The Materials Library has no star chamber through which its materials must pass for inclusion. Other than those Miodownik and his staff track down themselves, each week they are sent a handful of parcels and envelopes holding the weird and wonderful. One week they were sent a lump of floating concrete. Another week, a dress made of parachute silk floated in. Through fellowships and grants from Nesta, the Engineering and Physical Sciences Research Council (EPSRC) and a host of other acronyms, Miodownik keeps his library alive. He is adamant about not commercialising it. “It’s such a narrow way of looking at materials. We don’t want to enslave them, we want to nurture them.”
And, half-joking: “Ask not what materials can do for you, but what you can do for materials.”
Commercialising would also mean streamlining. Miodownik estimates that barely 5 per cent of the materials in his library are also in Material ConneXion’s. “The Materials Library has a big tub of mercury in it,” he explains. “Now you’re never going to specify a product with mercury in it. It’s toxic. In fact everyone’s trying to get rid of mercury. But it should exist in a materials library, because it may give you an idea about something, it may embody some philosophical thought. It’s a physical embodiment of something in an Aristotelian way.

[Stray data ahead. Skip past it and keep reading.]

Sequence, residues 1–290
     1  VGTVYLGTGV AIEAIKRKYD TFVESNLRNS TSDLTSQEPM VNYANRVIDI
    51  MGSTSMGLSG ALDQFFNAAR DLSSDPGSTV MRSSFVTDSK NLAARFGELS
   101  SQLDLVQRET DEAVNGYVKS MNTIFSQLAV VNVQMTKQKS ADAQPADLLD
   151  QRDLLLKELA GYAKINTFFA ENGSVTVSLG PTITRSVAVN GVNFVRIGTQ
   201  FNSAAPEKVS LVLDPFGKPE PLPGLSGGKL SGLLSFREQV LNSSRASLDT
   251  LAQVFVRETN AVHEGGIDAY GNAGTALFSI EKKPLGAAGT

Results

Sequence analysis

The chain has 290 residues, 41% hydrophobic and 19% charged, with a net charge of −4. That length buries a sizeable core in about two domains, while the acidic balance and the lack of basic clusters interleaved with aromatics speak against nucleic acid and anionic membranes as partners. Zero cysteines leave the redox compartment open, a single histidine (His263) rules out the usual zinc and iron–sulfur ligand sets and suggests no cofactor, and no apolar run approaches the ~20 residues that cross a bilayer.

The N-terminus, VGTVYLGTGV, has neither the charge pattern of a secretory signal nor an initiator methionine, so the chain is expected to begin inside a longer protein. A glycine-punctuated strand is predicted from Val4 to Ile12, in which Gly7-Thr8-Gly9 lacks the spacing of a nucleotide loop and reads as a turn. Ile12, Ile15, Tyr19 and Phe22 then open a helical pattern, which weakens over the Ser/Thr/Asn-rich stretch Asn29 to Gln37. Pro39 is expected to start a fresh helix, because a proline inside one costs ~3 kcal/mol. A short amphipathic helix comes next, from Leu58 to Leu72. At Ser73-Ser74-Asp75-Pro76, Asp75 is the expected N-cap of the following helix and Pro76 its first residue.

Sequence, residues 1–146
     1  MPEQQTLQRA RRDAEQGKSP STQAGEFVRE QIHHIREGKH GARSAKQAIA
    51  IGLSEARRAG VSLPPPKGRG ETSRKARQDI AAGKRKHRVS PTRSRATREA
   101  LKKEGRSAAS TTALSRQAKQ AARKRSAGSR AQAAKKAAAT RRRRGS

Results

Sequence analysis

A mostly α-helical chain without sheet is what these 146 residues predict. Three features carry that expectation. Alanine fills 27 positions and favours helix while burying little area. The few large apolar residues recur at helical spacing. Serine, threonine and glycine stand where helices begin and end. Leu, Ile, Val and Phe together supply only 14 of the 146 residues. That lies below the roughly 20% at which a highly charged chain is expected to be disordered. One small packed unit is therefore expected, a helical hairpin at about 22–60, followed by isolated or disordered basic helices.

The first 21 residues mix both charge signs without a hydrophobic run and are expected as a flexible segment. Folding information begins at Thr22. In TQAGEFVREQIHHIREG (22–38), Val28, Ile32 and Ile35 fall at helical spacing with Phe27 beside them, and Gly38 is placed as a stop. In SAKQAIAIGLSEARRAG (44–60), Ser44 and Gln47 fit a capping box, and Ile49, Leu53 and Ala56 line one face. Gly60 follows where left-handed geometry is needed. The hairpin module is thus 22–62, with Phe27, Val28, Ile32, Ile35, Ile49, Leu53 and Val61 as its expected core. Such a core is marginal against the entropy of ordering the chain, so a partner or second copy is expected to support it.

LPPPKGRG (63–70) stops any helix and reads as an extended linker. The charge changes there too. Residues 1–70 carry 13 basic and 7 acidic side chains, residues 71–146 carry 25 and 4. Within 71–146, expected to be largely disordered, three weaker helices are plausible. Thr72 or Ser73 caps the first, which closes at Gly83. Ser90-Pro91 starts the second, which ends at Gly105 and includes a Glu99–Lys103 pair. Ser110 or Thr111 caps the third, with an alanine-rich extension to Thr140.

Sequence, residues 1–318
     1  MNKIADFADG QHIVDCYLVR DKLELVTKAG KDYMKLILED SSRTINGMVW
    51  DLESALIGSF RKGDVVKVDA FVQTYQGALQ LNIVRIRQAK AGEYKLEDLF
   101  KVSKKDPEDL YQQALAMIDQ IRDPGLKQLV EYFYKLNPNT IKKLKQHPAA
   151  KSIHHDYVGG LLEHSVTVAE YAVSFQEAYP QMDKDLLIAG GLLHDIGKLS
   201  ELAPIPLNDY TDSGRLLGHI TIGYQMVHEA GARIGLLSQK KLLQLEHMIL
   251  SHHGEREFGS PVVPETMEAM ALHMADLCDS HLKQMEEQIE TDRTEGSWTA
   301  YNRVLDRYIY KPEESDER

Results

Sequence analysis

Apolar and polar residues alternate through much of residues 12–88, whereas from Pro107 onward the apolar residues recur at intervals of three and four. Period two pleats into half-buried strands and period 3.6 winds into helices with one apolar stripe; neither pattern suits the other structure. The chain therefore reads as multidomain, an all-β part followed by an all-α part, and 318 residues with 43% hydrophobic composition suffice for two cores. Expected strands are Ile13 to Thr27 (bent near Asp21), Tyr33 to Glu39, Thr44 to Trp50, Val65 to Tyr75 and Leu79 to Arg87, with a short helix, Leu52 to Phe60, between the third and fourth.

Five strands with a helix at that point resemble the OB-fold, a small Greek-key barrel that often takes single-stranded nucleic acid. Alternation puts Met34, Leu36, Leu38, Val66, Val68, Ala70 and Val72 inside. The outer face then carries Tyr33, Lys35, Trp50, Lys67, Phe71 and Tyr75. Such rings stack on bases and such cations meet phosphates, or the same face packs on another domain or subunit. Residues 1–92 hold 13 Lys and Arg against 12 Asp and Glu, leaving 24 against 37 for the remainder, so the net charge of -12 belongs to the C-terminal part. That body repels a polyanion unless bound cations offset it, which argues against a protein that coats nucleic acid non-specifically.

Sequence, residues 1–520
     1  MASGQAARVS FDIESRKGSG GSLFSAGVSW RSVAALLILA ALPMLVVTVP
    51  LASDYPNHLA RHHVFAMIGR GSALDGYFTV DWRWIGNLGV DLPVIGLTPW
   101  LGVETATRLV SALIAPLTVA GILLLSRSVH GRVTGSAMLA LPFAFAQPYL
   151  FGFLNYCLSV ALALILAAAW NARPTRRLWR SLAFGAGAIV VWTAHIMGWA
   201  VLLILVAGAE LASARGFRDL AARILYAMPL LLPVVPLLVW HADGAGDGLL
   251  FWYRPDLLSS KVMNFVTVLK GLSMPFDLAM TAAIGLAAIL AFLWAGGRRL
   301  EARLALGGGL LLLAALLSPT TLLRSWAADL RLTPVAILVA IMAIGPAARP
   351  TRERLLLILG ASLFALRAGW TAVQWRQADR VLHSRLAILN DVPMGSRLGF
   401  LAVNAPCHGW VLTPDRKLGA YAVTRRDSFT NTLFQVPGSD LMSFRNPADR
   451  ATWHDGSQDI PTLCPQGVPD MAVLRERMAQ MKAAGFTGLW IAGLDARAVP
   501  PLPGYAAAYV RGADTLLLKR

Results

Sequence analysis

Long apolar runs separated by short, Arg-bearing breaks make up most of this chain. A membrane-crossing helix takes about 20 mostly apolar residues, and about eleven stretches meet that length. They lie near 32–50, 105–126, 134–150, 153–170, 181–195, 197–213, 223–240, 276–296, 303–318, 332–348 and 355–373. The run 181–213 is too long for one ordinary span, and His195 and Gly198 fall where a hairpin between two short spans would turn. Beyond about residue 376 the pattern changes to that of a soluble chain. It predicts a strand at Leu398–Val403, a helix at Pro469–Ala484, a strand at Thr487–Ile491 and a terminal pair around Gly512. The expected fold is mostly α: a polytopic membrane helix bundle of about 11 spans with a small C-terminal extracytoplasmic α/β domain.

“I really don’t think [utility] is a criteria for having things in a university. The world is run by people who want things to be ‘useful’ and that’s great, but universities should be these places of awe and craziness – they shouldn’t be the ‘real’ world.”
Saturday, June 20, 2009
The secret order of things
At the FT, George Pendle has a truly delightful piece on Mark Miodownik and his Materials Library (site registration required):